Last summer I received an email from a woman named Harriet Gross that began: “We don’t know each other, but I’ve been freelancing in Dallas for a long, long time and in the distant past did some feature stories for D and for the late-lamented DMN Sunday magazine.”
A check of our archive brought me a story Harriet had written for D in 1992, the year I graduated from college and basically took to loitering at D’s office, hoping for work (I’d interned the previous year and knew most of the staff). And that DMN Sunday magazine? The first story of any real length that I wrote for money was published in 1993 in that magazine by the great Bill Minutaglio, who was then its editor. Harriet and I had a few connections, it seemed. I was surprised our paths had never crossed and was happy they finally had, because she had a great story idea.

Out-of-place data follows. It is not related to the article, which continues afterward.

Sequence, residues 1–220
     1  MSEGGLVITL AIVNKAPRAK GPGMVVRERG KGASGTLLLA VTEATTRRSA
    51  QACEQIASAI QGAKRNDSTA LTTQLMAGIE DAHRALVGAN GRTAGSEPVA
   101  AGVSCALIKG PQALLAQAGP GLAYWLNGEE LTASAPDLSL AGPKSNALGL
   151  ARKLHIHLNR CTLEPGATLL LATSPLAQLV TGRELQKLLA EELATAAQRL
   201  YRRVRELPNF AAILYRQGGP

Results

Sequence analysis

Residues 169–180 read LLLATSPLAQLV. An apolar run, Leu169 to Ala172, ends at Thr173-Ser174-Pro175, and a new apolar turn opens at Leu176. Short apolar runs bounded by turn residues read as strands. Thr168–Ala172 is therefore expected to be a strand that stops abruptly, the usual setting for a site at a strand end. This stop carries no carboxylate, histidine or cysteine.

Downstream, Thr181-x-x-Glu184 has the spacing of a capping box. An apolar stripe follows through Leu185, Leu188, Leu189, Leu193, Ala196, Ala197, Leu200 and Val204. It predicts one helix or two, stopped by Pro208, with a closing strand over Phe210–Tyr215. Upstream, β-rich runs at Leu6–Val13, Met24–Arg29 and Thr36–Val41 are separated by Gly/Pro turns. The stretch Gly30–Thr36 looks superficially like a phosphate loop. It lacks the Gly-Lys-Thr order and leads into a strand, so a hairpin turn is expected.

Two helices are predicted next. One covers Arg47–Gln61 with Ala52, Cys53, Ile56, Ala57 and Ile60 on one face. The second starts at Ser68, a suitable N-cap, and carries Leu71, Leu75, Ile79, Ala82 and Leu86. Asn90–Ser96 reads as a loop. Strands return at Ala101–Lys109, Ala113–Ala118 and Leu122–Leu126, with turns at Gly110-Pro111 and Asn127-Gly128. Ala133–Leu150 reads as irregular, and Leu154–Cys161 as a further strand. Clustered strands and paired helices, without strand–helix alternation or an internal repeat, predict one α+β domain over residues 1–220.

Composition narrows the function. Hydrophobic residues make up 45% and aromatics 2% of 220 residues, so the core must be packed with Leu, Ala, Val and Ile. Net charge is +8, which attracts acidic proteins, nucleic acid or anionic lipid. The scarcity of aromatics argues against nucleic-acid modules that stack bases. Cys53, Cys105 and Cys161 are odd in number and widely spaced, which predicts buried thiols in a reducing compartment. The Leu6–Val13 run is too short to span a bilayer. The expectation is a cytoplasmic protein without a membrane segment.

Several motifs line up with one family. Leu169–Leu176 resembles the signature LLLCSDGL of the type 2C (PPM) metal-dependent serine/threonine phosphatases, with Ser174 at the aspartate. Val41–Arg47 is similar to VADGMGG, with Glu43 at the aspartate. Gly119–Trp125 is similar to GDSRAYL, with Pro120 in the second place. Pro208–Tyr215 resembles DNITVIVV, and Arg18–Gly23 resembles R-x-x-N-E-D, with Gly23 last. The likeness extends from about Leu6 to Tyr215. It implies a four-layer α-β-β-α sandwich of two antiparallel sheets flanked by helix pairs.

Her 91-year-old friend Max Glauben, she told me, was going to subject himself to some high-tech wizardry that would make it possible for people to interact with his image and voice in perpetuity, asking him questions about how he survived the Holocaust. This 3-D holographic version of Glauben will be an installation, if you can call it that, at the Dallas Holocaust and Human Rights Museum, which will open later this year. Glauben’s story is fascinating. Shepherding it into print, especially with Harriet’s long connection to the magazine, was a real honor.